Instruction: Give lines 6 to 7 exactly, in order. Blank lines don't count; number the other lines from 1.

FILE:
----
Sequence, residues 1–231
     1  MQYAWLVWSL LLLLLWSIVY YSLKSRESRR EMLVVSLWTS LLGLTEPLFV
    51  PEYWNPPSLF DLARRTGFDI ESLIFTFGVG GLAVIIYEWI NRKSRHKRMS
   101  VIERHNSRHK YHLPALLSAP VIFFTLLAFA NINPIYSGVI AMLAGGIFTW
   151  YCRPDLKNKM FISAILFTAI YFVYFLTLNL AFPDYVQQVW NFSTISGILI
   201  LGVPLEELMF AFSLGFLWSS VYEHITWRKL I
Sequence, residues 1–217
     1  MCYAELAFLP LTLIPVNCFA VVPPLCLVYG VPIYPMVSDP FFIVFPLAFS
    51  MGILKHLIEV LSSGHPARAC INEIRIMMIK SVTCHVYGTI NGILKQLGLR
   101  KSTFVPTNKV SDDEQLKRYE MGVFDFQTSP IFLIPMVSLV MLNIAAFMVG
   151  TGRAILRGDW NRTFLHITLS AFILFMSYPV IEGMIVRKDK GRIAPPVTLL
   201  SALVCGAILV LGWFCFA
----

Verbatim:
   201  LGVPLEELMF AFSLGFLWSS VYEHITWRKL I
Sequence, residues 1–217